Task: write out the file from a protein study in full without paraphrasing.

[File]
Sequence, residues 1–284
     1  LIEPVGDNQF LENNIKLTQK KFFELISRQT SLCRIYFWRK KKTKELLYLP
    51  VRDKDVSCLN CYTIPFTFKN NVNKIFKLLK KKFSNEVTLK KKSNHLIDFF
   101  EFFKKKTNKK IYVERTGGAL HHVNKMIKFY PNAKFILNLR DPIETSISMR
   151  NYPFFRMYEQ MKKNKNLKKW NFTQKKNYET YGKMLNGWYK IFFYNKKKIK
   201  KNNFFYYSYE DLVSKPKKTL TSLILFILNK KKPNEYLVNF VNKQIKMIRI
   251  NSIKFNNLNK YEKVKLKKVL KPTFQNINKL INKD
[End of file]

Sequence, residues 1–284
     1  LIEPVGDNQF LENNIKLTQK KFFELISRQT SLCRIYFWRK KKTKELLYLP
    51  VRDKDVSCLN CYTIPFTFKN NVNKIFKLLK KKFSNEVTLK KKSNHLIDFF
   101  EFFKKKTNKK IYVERTGGAL HHVNKMIKFY PNAKFILNLR DPIETSISMR
   151  NYPFFRMYEQ MKKNKNLKKW NFTQKKNYET YGKMLNGWYK IFFYNKKKIK
   201  KNNFFYYSYE DLVSKPKKTL TSLILFILNK KKPNEYLVNF VNKQIKMIRI
   251  NSIKFNNLNK YEKVKLKKVL KPTFQNINKL INKD